c. The Oak Island Yard Project

i. The Project

In January 1980, Conrail's board of directors approved a $10.6 million project to replace the three pre-existing rail classification yards in the area of Oak Island, New Jersey, with a single, modernized yard. The new yard project included a hump control system nearly identical to the one in the Allentown yard. Harmon installed the system in July 1981, corrected operational problems, and completed its hardware and software modifications by September 10, 1981. Although Harmon made a further adjustment in November 1981, the parties dispute its significance.

ii. The Factual Dispute and the Tax Court's Findings

The only dispute of historical fact in this case involves an adjustment to the Oak Island computer system made by Harmon employees in November 1981. Although the Tax Court found that the adjustment merely eliminated a paper jam in the console typewriter or printer, Armstrong argues that the problem was much more serious. It contends that the paper jam was caused by a software defect which at times forced the entire hump control system to shut down. It therefore argues that the project should have been deemed placed in service only after that adjustment. The Tax Court, however, found that the "adjustment did not affect the specific function of the unit." 62 T.C.M. (CCH) at 161. The court also found that the yard itself was operated during the course of construction and that portions of the yard were used both before and after the construction work. The court therefore determined that the entire Oak Island project had been placed in service on September 10, 1981, a date just outside the three-month window.

d. The Olean Yard Project

i. The Project

In 1979 and 1981, Conrail's board of directors approved an $11 million project to construct, inter alia, a new rail classification yard in Olean, New York, near two major rail lines, and to install a traffic control system on a 20-mile stretch of track adjacent to the yard. Previously, a train using the Olean yard would enter or leave the yard with the help of railroad employees manually operating hand switches. Automation of those switches was essential to the operation of the new Olean yard.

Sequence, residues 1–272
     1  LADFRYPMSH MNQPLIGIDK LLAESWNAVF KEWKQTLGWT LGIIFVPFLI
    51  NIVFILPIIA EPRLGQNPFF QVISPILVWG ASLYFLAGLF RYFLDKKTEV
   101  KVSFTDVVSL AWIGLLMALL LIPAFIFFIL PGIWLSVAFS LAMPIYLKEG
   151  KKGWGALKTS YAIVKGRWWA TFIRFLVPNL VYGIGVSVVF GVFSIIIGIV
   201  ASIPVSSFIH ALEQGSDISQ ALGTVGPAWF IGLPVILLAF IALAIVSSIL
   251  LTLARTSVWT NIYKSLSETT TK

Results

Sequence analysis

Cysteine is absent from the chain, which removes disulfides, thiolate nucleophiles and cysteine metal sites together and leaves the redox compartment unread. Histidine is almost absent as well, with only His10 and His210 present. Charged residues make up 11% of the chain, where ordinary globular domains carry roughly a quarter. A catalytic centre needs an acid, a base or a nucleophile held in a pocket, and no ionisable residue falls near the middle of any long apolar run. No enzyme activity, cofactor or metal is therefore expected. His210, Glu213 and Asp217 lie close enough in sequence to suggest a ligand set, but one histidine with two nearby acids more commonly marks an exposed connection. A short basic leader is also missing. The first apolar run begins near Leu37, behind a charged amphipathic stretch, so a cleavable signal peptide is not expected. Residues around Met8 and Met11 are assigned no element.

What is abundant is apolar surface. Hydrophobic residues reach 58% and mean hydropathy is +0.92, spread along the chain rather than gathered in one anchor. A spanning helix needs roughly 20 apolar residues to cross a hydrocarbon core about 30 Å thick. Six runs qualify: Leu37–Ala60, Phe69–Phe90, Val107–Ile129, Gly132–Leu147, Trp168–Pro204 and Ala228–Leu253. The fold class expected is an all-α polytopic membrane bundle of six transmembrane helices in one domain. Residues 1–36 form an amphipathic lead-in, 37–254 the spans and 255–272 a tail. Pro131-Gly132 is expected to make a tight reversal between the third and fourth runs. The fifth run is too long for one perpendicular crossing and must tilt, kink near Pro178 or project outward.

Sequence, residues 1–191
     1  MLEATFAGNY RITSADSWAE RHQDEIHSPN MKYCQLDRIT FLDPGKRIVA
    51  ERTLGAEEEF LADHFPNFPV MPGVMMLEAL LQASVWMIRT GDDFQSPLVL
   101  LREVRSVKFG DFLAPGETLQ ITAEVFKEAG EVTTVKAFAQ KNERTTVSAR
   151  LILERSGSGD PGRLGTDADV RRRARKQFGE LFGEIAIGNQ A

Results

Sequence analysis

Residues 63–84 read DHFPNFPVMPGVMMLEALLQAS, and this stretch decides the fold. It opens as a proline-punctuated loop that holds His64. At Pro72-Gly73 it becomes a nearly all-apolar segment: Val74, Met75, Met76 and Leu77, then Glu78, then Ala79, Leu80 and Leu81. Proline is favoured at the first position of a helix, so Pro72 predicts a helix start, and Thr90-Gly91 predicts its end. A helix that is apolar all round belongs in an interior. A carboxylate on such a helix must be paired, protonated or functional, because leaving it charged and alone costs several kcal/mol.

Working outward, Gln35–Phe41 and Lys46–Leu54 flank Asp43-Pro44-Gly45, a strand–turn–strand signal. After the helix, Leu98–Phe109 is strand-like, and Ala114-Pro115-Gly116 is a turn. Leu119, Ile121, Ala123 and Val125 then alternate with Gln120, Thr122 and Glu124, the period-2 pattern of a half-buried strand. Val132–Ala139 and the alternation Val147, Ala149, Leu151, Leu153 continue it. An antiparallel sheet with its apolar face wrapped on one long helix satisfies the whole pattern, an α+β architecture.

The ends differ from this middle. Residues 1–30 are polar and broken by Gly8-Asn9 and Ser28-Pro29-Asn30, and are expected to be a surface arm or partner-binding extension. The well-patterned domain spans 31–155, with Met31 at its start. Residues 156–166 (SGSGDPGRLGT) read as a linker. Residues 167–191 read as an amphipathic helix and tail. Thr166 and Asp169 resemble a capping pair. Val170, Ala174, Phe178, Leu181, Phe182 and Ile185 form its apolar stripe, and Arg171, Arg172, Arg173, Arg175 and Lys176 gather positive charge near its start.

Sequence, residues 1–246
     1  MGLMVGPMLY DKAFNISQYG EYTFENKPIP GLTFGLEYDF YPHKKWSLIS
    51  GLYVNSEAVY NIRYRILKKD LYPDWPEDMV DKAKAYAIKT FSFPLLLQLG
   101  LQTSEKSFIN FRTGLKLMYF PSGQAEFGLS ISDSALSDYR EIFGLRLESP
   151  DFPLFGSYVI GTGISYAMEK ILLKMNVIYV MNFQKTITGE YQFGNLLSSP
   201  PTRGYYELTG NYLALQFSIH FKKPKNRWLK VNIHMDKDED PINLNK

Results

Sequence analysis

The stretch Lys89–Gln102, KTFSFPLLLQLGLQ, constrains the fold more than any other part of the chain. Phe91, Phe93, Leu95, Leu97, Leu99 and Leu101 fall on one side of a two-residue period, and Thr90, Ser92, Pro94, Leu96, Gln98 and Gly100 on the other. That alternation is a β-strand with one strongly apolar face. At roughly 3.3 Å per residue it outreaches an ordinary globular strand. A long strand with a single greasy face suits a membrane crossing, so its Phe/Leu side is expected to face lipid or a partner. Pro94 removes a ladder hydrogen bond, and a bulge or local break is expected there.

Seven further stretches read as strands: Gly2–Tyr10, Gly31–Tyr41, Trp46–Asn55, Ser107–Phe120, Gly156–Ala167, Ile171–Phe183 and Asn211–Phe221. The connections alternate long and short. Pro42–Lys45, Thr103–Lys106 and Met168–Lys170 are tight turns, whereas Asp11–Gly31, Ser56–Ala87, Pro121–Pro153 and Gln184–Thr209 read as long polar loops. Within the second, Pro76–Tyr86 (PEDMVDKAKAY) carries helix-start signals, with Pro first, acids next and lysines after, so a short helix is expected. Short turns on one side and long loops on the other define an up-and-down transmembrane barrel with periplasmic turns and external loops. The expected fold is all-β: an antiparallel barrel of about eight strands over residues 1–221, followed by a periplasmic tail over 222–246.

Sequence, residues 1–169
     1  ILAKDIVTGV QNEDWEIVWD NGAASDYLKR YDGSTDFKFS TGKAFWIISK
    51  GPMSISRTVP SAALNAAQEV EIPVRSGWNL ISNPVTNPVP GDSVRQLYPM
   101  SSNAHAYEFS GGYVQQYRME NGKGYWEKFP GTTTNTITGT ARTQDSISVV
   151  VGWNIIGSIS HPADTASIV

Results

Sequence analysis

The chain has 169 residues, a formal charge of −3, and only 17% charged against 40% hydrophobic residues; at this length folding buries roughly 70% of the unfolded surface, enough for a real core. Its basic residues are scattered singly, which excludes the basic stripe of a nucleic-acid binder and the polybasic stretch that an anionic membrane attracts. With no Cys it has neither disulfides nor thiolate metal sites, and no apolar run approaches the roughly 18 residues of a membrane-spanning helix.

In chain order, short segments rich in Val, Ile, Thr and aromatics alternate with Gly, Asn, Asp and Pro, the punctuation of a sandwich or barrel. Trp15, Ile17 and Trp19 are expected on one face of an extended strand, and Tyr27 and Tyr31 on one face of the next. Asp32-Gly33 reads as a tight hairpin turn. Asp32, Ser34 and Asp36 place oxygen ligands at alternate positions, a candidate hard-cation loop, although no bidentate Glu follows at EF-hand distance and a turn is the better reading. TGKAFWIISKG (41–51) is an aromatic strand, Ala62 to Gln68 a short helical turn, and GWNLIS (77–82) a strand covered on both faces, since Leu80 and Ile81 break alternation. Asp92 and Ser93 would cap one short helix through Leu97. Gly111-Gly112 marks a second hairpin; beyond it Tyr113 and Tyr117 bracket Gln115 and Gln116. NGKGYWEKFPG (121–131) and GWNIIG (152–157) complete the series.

Construction of the new yard was completed in 1980, and the TCS was completed and cut over in four geographic track segments. Two segments were cut over prior to May 1981, a third, between West Olean and Olean, was cut over on December 17, 1981, and the last segment was cut over in March 1982.

In addition, certain Conrail employees testified that automation of the switches and signals connecting the yard with the two main lines occurred in December 1981, at or near the time of the completion of the West Olean-Olean segment. Thus, until that time, trains still entered the yard by manual switches.

ii. The Tax Court's Findings

The Tax Court viewed the project as having five separate and independent components: the yard, and the four track segments. Because the yard was completed in 1980, and three of the four TCS segments were cut over outside of the three-month window, the Tax Court determined that only the West Olean-Olean segment had been placed in service during the appropriate time period. The court did not discuss the testimony concerning the date that remote-controlled entry into the new yard became possible, but it may have considered that function as an element of the West Olean-Olean component. However, Conrail contends that the entire project was placed in service in December, when the entrance from the major rail lines into the new yard was automated.

2. The $16,500,000 A &I Agreement

The Tax Court also found that the $16,500,000 A &I leasing agreement, which covered a selection of properties from the Oak Island, Allentown, and Olean projects, was not enforceable in 1981.*fn9 This finding provides the court's sole basis for disallowing the tax benefits related to the West Olean-Olean track segment, which the court found had been placed in service within the three-month window.

The $16,500,000 agreement, like all of the Armstrong-Conrail A&I leasing agreements, consisted of three documents: the main agreement, which contained the substantive provisions and noted the total value of the bases of the subject properties; an "Exhibit A," which described the subject properties as "all of the Additions and Improvements in respect of the property described in the Supplement to this Exhibit"; and the supplement to Exhibit A, which actually identified the properties. However, the supplement to Exhibit A of the ...